For me, Beauty is the Beast.  By stating this, I do not intend to blacken Beauty’s name or to advocate that it should be denied or ejected.  I say it instead to remind myself that Beauty, far from being benign, is something to be grappled or sparred with – in other words, given the fighting respect it deserves.

Beauty, along with Virtue (and, interestingly, also Vice) is almost always personified as female.  Beauty distracts, beguiles, soothes or comforts.  In myth and legend Beauty is used to give meaning and direction to a quest but it is also used to deceive and distract – to ‘get one past’ the hero.  Imagine, for example, how much shorter Homer’s Odyssey would have been had Odysseus been blind to Beauty.

In the gardens at Stourhead, there is a sensual beauty of smell and sound, of climate and touch but overwhelmingly, Stourhead’s beauty is visual.  The literally spectacular nature of the gardens only exists through an exacting visual control, achieved through horticultural means.  As one walks around the gardens, one’s view is therefore prescribed and only at certain points are we allowed a vista. In between these ‘opening ups’ we are kept looking inwards - literally at what is near to us on the path and metaphorically at our inward thoughts.

These relationships between proximity and distance, between dark and light are crucial to how the gardens function.  By limiting our opportunities to perceive a view, each vista appears to us as fresh and enlivened, as though we were actually being offered up a painting.  The impact of such a gesture is predicated on the intervening periods of interiority – we thus need to limit our vision in order to be able to see.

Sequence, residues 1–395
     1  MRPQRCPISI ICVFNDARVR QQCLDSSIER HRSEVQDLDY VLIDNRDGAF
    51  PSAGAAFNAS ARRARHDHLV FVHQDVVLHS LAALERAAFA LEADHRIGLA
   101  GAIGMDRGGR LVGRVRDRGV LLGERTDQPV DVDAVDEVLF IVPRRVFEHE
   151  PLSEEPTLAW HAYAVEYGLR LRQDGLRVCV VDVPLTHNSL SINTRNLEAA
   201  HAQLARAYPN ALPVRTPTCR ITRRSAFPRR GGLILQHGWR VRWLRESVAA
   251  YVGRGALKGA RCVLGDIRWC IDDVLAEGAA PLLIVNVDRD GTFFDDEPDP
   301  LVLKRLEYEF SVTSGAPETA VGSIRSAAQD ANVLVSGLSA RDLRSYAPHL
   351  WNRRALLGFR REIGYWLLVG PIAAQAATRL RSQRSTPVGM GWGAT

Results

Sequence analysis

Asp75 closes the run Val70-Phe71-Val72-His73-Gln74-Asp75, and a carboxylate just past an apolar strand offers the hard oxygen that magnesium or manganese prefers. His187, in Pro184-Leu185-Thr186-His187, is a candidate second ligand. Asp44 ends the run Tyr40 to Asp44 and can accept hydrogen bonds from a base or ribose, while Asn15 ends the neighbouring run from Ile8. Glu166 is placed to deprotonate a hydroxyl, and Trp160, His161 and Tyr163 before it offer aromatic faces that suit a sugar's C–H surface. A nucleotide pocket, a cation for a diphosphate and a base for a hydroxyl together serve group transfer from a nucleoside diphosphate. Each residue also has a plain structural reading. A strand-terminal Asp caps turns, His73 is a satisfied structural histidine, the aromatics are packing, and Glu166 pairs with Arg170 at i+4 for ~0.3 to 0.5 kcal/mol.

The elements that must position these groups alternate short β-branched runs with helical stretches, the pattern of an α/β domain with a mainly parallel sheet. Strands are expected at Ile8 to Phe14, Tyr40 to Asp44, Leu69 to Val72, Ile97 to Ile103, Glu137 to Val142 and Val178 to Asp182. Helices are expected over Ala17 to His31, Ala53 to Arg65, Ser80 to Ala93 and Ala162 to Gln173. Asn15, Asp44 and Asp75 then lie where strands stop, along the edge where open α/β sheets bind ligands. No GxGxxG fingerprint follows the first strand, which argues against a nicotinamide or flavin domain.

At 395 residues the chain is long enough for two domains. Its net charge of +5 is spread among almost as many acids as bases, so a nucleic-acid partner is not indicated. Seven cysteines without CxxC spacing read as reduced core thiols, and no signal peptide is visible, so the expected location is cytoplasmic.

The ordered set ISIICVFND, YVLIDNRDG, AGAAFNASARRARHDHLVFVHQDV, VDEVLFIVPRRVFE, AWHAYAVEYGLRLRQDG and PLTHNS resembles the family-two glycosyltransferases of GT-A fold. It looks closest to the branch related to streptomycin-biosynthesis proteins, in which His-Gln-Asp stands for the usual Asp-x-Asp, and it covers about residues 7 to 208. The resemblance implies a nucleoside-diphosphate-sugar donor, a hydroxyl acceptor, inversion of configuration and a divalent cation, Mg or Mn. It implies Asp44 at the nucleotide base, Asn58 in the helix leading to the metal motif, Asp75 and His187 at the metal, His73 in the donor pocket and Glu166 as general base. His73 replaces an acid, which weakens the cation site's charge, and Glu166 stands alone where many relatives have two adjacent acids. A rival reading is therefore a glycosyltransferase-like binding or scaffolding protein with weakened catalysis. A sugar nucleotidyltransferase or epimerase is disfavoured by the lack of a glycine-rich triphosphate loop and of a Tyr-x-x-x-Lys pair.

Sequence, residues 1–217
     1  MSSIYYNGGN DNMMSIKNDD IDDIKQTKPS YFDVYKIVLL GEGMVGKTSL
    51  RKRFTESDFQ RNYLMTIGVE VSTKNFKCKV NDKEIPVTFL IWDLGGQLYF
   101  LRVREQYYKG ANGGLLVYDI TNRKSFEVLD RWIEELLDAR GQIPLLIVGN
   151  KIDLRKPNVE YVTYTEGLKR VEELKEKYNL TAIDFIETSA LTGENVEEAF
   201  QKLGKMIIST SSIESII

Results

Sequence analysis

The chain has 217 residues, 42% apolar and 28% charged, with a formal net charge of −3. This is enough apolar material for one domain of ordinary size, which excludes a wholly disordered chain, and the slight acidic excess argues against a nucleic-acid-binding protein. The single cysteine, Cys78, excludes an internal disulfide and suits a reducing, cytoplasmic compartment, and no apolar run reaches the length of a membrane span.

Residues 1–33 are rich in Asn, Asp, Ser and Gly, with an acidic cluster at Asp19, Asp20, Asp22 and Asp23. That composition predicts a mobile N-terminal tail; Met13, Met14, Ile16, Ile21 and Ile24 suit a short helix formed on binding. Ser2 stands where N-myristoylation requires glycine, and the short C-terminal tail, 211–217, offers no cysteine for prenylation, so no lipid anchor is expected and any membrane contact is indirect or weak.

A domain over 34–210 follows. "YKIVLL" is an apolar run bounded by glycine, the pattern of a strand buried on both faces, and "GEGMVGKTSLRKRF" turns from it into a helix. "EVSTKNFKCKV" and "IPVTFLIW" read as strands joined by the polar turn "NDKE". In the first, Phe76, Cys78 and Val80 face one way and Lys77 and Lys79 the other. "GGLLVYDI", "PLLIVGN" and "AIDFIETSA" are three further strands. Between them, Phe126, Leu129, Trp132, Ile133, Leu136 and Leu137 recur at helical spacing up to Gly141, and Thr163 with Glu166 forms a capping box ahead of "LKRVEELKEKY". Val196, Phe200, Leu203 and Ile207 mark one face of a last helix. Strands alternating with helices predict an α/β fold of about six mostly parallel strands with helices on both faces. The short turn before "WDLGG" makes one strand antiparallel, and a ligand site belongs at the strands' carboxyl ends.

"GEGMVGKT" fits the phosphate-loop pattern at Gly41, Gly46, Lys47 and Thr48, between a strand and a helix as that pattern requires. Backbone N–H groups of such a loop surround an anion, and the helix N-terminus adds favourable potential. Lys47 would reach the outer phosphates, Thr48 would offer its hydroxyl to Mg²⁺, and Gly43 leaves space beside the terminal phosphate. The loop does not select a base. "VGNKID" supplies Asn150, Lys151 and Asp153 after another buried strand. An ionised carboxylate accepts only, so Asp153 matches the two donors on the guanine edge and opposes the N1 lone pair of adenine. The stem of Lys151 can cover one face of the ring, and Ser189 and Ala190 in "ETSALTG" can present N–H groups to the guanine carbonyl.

Perhaps this is why, for me, Ariadne is a pivotal figure in the gardens.  She lies in the underworld of the Grotto in perpetual reverie, enduring but far from inert – as we are reminded by the continual flow of spring water that, like a river, is always new, always the same.  Unlike her fellow statues with their blind stares, Ariadne closes her eyes to the spectacular beauty of the gardens, having recourse only to the mind’s eye and subconscious spectres. 

My time at Stourhead has been intense.  Emotional and intellectual decisions, usually drawn out over an extended period of a residency, have by necessity been kaleidoscoped into a short six-week period.  In this time I have truly been beguiled by the extraordinary beauty of Stourhead with its theatre of Classicism and stories from Antiquity.

In my work however, I have attempted a ‘face off’ with beauty.  To have merely reproduced spectacular vistas would have been, for me, giving way to the Beast that is Beauty’s underbelly - where aesthetic pleasure becomes anodyne or soporific and where fear of corrupting an image prevents us understanding what that image has become. 
Instead, I have sought to collapse oppositional forces - of proximity and distance, of light and dark, of classical and contemporary – into the single plane of the images.
Here, as in the gardens, what is obscured is as important as what is revealed.



Fiona Crisp September 2006








Click for enlargement


Apollo from the Walking Tree







Temple of Apollo  






Temple of Flora 





The Pantheon  






Flora from the Watch Cottage 






Pantheon from Tree 645   2006/2012





Pantheon from The Shades  







The Saloon